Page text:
Baker’s work inspired a new generation of collectors and scholars of printed portraits of Washington. One of them, Baker’s protégé Charles Henry Hart, compiled a new and expanded Catalogue of the Engraved Portraits of Washington, which was published by the Grolier Club in 1904. Hart also listed El General Washington: “Bust, full to right, in uniform, with ribband, but without epaulettes. Circle, with border, 5/16 cut off to rectangle. Line.”
That same year, an impression of El General Washington was sold at auction by Stan V. Henkels of Philadelphia as part of a large collection of engraved portraits assembled by Philadelphia lawyer Hampton L. Carson. (Carson is acknowledged in Hart’s catalogue and it is very likely that this is the same engraving Hart—and probably Baker—had seen.) Henkels described the print as “a beautiful impression of one of the rarest and most interesting portraits of Washington,” and included an illustration of it. To add to the complexity of our story, there is another print by a Spanish printmaker, Mariano Brandi, titled El General Washington. That print, which Hart also cataloged, is a Spanish version of the portrait of Washington in profile based on a drawing by Pierre Eugène Du Simitière, and is a completely different work.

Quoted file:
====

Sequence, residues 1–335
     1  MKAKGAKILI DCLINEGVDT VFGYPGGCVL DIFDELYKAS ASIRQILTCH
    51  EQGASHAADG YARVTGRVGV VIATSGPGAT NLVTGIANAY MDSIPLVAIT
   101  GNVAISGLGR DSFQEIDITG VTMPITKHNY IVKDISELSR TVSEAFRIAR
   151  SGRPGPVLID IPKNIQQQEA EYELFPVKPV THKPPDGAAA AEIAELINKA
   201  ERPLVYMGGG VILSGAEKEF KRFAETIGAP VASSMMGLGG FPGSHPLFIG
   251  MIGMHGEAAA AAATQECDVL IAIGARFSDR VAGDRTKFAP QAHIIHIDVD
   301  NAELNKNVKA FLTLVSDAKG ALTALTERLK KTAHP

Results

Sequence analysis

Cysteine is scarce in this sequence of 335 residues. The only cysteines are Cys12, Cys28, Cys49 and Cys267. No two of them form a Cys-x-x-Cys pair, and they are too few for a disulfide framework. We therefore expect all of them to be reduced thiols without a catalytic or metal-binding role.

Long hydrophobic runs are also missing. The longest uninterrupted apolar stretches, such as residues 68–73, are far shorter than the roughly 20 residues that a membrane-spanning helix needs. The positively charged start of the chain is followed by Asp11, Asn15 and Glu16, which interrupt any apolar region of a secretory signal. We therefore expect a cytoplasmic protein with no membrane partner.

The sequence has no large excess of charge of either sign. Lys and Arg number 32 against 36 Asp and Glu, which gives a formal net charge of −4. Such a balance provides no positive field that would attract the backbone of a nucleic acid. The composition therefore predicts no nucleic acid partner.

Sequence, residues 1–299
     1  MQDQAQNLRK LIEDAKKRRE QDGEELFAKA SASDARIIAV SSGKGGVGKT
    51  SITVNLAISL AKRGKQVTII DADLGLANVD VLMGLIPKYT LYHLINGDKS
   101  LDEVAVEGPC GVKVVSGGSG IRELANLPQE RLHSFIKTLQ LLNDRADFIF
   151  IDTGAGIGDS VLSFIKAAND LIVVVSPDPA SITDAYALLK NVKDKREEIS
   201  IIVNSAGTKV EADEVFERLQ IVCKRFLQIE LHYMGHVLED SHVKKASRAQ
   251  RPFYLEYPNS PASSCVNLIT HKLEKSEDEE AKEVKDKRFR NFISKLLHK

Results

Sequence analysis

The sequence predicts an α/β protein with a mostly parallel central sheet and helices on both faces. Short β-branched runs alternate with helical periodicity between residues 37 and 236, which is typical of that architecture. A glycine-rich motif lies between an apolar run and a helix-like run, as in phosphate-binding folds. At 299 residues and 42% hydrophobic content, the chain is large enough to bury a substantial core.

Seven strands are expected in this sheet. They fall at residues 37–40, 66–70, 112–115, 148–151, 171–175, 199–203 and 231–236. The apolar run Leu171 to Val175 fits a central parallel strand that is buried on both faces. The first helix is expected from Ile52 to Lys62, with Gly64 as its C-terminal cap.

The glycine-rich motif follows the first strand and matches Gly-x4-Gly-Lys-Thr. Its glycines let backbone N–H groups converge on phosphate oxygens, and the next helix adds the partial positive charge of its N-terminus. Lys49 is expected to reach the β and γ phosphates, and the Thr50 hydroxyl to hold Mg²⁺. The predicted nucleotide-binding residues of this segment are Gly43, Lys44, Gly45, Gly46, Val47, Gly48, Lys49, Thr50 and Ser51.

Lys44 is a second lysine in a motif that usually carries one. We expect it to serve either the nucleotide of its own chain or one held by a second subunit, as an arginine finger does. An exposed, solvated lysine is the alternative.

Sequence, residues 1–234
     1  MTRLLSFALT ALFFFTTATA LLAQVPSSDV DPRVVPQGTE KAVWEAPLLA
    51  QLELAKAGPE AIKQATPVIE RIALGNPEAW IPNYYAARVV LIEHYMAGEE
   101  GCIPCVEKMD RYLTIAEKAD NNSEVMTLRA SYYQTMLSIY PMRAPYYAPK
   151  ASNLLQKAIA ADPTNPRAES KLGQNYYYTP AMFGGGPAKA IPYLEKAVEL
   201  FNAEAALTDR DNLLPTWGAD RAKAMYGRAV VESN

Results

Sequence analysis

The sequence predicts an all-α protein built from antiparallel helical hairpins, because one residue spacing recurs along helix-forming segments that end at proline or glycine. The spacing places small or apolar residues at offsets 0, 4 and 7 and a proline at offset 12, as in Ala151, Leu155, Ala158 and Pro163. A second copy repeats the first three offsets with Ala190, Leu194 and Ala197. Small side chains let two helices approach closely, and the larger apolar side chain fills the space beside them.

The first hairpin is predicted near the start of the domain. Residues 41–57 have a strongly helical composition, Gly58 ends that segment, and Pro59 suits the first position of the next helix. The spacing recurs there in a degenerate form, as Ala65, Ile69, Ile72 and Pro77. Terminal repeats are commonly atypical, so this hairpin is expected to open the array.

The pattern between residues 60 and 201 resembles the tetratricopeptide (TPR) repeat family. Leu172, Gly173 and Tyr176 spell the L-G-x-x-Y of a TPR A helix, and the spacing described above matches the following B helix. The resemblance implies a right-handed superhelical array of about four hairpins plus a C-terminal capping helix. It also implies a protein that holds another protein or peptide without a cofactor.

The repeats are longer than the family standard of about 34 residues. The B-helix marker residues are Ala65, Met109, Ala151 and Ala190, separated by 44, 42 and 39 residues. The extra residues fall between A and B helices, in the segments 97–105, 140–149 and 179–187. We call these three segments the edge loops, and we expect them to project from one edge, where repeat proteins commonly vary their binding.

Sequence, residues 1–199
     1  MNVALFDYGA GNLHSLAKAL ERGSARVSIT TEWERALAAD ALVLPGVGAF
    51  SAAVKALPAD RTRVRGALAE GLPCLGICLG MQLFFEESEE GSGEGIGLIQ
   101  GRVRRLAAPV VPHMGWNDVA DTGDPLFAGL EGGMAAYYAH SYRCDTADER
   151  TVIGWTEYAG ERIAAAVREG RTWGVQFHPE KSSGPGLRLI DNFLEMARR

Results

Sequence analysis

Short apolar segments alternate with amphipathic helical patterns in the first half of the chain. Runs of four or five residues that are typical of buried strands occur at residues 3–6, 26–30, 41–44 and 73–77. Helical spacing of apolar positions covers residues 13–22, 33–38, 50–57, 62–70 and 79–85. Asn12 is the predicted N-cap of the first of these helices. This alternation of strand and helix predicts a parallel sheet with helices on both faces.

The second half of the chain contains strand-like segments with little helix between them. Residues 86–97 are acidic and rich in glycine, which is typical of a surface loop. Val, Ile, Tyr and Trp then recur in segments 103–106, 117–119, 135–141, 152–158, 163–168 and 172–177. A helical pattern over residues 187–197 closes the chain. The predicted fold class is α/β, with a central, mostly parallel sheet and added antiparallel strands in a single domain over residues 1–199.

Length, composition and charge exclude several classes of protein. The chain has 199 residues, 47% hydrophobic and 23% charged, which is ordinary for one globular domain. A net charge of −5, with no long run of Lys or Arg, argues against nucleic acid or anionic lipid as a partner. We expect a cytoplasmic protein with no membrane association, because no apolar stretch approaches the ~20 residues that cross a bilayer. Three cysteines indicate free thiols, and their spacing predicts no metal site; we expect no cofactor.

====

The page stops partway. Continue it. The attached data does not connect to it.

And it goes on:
The present-day print shop from which we purchased our impression of El General Washington traced the provenance of our print to the family of Zachary Taylor Hollingsworth, another early twentieth-century connoisseur of engraved portraits who was actively collecting “portraits of Washington from all countries, with every degree of merit” at the time of the Carson sale.